Patent Box

Companies exploiting patented products, processes and innovations
can slash their Corporation Tax bill

Companies exploiting patented products, processes and innovations can slash their Corporation Tax bill

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What is ‘Patent Box’?

Patent Box was introduced to encourage companies to retain their intellectual property in the UK. The Patent Box achieves this by allowing companies to benefit from a significantly reduced rate of Corporation Tax on profits derived from its patented inventions.
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What is the benefit of the Patent Box for my company?

Your company can benefit from a 10% rate of Corporation Tax on its income from patented products, or processes. That is a generous tax break even with the current rate of Corporation Tax at 19%. It becomes even more generous in 2023 when the rate jumps up to 25%.
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Profits arising from the exploitation of Patents

The patent box regime allows qualifying companies to apply the reduced corporation tax rate to profits arising from:

  • selling the patented products or selling a product which incorporates the patented invention.
  • licensing patent rights.
  • selling patented rights.
  • damages or other compensation related to patent rights.
  • manufacture using a patented process.
  • providing a service using a patented tool or process.


What IP rights does the patent box regime apply to?

Part 8A Corporation Tax Act 2010 lists the rights to which the Patent Box regime applies. These are:

  • a patent granted by the UK Intellectual Property Office under the Patents Act 1977.
  • a patent granted by the European Patent Office.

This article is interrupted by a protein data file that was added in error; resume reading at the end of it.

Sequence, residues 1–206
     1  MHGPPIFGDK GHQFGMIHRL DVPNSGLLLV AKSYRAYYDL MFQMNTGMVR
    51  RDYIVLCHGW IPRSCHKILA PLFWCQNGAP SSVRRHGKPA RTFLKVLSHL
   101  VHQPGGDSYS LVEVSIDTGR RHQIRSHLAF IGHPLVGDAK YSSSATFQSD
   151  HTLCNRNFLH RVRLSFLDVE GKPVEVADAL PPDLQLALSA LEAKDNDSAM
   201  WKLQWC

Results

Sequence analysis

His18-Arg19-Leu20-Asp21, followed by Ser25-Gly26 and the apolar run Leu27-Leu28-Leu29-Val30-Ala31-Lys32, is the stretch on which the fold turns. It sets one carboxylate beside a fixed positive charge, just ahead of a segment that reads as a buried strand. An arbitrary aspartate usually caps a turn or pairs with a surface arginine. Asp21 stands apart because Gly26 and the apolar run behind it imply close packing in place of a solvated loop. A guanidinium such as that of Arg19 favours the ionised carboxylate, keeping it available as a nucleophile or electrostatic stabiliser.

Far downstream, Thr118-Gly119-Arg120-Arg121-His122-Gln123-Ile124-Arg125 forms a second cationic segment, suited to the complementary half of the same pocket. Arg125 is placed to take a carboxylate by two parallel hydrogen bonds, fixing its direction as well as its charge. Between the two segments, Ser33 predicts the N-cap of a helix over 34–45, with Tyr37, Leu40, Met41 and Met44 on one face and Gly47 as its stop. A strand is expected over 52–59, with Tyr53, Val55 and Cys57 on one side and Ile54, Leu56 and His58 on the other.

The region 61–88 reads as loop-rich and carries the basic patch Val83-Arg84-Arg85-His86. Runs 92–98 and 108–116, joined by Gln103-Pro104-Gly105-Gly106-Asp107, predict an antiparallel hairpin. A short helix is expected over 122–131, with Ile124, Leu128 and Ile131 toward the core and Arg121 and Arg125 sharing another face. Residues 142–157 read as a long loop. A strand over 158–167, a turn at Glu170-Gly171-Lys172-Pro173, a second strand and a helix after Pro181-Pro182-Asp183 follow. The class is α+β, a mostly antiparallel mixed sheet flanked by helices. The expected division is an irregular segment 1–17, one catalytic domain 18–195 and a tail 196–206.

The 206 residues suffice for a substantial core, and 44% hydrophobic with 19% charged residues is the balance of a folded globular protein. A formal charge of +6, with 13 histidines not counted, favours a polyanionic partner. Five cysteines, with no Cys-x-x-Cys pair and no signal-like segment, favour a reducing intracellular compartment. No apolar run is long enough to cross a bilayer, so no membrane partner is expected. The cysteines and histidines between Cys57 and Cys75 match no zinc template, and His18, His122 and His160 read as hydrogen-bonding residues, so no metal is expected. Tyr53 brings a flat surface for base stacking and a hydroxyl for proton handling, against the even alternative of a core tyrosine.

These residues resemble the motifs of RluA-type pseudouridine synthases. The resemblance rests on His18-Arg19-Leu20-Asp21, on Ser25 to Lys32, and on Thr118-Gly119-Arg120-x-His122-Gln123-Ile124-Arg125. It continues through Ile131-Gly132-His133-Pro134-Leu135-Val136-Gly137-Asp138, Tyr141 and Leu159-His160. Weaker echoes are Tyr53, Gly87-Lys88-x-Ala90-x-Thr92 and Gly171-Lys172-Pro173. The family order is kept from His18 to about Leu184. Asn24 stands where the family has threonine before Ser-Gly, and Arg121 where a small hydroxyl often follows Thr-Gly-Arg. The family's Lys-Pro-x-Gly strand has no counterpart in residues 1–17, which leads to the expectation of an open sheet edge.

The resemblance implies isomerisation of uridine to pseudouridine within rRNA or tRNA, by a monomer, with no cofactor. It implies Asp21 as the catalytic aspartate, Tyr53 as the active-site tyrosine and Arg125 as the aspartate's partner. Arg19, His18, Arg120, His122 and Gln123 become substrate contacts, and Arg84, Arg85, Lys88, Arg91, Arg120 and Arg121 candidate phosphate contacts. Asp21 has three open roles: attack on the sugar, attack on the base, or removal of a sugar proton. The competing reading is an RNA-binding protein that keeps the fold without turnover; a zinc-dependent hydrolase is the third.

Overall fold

• a patent granted under the law of certain specified European Economic Area states.
  • rights similar to patents including rights arising under new legislation which came into force after the end of the UK transition. As a consequence of the UK leaving the EU.


The ‘rights similar to patents’ which are listed in the legislation include supplementary protection certificates relating to medicinal and plant protection products and medicinal and veterinary products with marketing authorisations and marketing or data protection.


How to access the patent box benefits

The patent box tax incentive is available to companies which pay UK corporation tax and which also have profits arising from the exploitation of patents (see above). Access to the tax incentive is not automatic. Companies must make an election into the regime. The election must specify the first accounting period for which it is to apply and it will automatically have effect for all subsequent accounting periods until it is revoked by the company. If an election is revoked, the company cannot then re-elect into the regime for five years. This is to prevent them dipping in and out of the regime depending on profits or losses in order to gain a tax advantage.

Patents pending